England did a super job cleaning up its rivers and as a reward it gets to deal with this monster-fish again


Published September 4, 2015 2:23PM (EDT)

  (Environment Agency)
(Environment Agency)

The lamprey is a 400 million year-old prehistoric fish-monster that predates the dinosaurs by a good 200 million years, can grow up to 3 feet in length and has, instead of jaws, "a circular disc of razor sharp teeth." And England was this close to getting rid of it forever.

But in a turn of events that the U.K. Environment Agency is for some reason very excited about, lampreys have returned, after 200 years, to English rivers -- the result, the agency says, of efforts to clean up industrial pollution and to remove river structures that were blocking their migration routes, and which had very nearly driven them to extinction.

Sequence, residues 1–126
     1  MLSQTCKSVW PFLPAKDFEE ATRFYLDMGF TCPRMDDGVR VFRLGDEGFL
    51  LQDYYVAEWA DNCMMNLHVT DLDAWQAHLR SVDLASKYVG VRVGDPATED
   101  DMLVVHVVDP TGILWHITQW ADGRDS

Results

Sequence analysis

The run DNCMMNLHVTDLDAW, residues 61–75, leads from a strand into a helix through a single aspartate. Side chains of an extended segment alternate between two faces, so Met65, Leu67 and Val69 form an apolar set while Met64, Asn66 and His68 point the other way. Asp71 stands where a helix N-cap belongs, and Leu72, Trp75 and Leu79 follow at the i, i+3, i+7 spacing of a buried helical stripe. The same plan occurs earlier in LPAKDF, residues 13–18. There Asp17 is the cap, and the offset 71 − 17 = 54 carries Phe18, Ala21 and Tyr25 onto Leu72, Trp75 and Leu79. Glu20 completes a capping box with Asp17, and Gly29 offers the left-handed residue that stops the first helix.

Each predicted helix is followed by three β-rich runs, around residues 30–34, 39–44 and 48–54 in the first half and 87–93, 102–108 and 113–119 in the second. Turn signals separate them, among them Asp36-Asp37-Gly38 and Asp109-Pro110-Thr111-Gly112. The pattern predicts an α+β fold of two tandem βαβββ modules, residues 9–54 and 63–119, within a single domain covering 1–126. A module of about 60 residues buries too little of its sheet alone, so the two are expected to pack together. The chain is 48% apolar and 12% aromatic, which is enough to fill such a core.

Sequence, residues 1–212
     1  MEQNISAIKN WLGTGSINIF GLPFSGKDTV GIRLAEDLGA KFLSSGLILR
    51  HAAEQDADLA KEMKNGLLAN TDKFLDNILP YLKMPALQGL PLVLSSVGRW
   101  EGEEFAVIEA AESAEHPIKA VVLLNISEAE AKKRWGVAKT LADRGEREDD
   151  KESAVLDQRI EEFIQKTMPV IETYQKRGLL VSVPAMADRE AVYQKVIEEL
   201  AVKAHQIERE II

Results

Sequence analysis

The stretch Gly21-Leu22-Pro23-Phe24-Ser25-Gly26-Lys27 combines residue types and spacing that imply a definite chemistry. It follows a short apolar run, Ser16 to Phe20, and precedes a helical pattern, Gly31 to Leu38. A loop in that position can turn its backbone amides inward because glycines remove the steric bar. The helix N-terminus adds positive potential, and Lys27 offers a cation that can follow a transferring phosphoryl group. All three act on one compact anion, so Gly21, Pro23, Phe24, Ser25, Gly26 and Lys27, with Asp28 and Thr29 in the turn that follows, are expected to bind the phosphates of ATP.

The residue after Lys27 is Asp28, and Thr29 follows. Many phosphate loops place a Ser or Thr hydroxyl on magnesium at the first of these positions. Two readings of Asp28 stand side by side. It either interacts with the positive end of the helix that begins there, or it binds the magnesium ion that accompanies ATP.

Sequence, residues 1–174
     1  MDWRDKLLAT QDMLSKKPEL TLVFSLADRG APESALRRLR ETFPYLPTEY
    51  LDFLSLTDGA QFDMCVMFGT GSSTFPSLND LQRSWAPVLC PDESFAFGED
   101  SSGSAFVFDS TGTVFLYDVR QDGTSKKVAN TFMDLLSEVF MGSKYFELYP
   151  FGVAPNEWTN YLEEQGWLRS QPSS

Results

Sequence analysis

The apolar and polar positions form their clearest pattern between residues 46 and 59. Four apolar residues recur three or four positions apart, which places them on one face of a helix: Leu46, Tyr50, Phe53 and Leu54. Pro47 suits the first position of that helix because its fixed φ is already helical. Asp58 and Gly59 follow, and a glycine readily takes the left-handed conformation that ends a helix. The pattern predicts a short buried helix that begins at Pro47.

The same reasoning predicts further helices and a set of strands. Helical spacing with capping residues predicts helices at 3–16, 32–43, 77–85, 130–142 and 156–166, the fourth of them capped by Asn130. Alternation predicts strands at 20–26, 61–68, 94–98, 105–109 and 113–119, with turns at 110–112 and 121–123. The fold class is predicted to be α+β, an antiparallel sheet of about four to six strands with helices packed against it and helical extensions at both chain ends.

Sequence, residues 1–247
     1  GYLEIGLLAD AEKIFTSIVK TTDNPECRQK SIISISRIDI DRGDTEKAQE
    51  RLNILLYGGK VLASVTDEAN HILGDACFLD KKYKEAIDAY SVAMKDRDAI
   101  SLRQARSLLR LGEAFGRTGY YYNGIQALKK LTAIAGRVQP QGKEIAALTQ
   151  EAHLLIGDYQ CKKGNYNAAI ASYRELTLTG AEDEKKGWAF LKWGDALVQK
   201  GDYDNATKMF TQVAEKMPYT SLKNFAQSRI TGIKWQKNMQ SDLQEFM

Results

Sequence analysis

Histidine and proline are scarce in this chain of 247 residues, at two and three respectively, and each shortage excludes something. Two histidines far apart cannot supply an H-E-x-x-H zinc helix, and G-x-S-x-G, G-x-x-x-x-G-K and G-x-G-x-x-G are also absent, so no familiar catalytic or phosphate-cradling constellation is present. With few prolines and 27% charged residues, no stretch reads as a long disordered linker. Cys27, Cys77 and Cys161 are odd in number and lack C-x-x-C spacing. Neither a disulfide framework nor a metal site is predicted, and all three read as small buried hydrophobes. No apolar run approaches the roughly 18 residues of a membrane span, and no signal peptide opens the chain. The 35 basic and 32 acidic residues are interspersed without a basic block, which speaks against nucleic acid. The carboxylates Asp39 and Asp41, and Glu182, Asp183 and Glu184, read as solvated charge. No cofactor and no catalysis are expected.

“Now that water quality has improved and some of these barriers have been removed we are seeing lampreys return to the upper reaches of rivers such as the Ouse, Trent, and Derwent, where they were absent as recently as 30 years ago," Environment Agency fisheries expert Simon Toms boasted in a statement.

“These are fascinating fish, living fossils, that have a special place in the history and traditions of this country, and we hope that with a helping hand from us they will be able to thrive in England’s rivers once again.”

Aside from featuring in an episode of Game of Thrones, lampreys are also important parts of river ecosystems, helping to process nutrients and serving as a food source for other fish and birds. And so everywhere but your nightmares, this does count as good news.

So it goes with conservation: you clean up your rivers enough so that people might want to start swimming in them, and in so doing guarantee that no one's ever going to go near the water again.

Congratulations, England.

By Lindsay Abrams

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Conservation Endangered Species Lamprey Monsters